When you hear of financial goals, you might think 401(k)s, IRAs and Roth IRAs. What are they? What do they mean? Why should I care about them? Depending on how you answer these questions, one of these IRA-like options might be the perfect gift to give your future self.

Let’s take a look at the similarities and differences between the two options and then we’ll talk about how/when to open an IRA. Finally, I’ll show you some real numbers so you can see how much you can contribute, both now and in the future.

Make it automatic

Option 1: Fund Your IRA with Automatic $ directly from Your Checking Account. You have two ways to fund your IRA:

{1}. You can have your new company (ie. your employer) take $ of your salary and directly deposit it into your IRA account.
{2}. You can sign up with one of the many banks and other companies which allow you to directly deposit money into your IRA. This requires opening an account with the bank/company and linking this account into your IRA brokerage account. Some companies will charge a small fee, others will not.

Make sure that you indicate that the money is for an IRA and that you want it to go into the proper stock fund or bond fund.

The bank will then transfer the money into your IRA within a few business days. Of course, you will pay tax on the amount your employer takes out.

Check in regularly and stay on track

Keep yourself motivated by tracking and visualizing your progress each month. When you check in, write it down on your progress tracker or in your journal.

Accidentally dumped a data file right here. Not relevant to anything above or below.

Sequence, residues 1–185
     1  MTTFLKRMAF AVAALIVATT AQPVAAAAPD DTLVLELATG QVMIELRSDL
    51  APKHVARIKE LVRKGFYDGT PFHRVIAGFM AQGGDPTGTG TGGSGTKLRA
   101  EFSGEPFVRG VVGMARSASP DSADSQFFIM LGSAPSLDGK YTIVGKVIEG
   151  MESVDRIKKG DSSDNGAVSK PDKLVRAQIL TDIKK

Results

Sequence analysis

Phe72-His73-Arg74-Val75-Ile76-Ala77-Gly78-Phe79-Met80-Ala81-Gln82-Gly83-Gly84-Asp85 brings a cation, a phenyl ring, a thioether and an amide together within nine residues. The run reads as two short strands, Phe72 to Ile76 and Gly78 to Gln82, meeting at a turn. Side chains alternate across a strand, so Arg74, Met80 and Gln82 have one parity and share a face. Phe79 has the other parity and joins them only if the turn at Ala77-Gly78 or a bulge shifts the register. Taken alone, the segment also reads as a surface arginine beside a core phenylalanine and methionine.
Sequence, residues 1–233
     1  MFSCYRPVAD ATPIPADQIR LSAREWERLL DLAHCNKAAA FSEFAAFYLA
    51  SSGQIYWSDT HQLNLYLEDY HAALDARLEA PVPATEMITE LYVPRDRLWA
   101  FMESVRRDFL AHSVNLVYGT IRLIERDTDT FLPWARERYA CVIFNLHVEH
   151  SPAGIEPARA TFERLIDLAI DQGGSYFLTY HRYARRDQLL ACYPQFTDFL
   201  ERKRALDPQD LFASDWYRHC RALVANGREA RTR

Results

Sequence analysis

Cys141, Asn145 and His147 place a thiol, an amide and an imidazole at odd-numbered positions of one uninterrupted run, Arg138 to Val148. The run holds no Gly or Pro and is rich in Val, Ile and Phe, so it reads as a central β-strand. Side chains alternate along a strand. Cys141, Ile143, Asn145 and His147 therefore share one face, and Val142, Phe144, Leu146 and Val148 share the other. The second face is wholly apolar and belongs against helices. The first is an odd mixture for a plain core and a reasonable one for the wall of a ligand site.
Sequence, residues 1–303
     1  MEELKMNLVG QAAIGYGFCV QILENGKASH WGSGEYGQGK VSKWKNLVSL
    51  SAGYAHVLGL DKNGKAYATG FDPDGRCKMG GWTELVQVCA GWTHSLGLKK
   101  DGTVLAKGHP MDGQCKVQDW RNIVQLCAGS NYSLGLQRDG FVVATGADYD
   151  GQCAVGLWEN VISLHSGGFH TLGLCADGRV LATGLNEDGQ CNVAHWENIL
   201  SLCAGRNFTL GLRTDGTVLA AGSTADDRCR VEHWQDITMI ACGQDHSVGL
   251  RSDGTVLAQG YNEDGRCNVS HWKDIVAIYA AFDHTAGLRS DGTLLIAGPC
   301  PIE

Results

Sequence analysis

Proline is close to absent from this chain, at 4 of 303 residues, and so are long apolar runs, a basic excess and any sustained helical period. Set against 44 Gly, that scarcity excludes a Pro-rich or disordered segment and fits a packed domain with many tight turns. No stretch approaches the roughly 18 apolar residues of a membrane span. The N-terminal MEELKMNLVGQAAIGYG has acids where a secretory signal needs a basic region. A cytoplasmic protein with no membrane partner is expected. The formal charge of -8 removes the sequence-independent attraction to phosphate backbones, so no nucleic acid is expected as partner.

Visualize your progress “ this is great for an added motivator. Fantasy football players use this same technique when they are putting together their weekly or season long roster. Most fantasy football players rank their players, and as the season goes on, they visualize their already high ranked players performing well and getting bigger win bonuses or championships. After visualizing this, they commit to the best players and stay motivated to win.

Create a daily to-do list. Make it as detailed as possible. List out the specific action steps required to keep you on track to reaching your goal. When you start to waver from your overall goal, just refer to your daily to-do list. Doing daily action tasks will keep you on track. It also helps you to see how much you’ve accomplished each day.

Know the IRA Rules

When it comes to setting up and managing an IRA, there are a few details you should know. Setting up a Roth or traditional IRA doesn’t have to be complicated. Below, we’ll provide a quick summary of the requirements for both accounts and answer some of the most popular questions about IRAs.

Summary

In the United States, there are two main retirement planning vehicles that can be used to fund your retirement. The first is an Individual Retirement Account (IRA). The second is an employer sponsored retirement plan, commonly referred to as a 401(k) plan. In this article, I’ll be covering the IRA.

The idea behind these accounts is to let retirement income accumulate tax free until you withdraw the funds in retirement. The benefit, other than paying less in taxes for those who choose a Roth vehicle, is that it is possible to invest aggressively inside of an IRA without any tax consequences. The only catch is that you can not withdraw from a Roth IRA or a Traditional IRA before age 59.5 without paying a 10% penalty.

About the Author

Joe is the founder of Retirement Made Easy, where he blogs about obtaining financial independence and how to live an easy life in retirement. Joe is an active participant in the world of personal finance and has been working in the industry since 2004. He has written about personal finance for several popular websites, including CBS Money Watch, AOL Money, Debt, personal finance, and NerdWallet. Joe holds a bachelor’s degree in psychology and earned his MBA from Florida International University.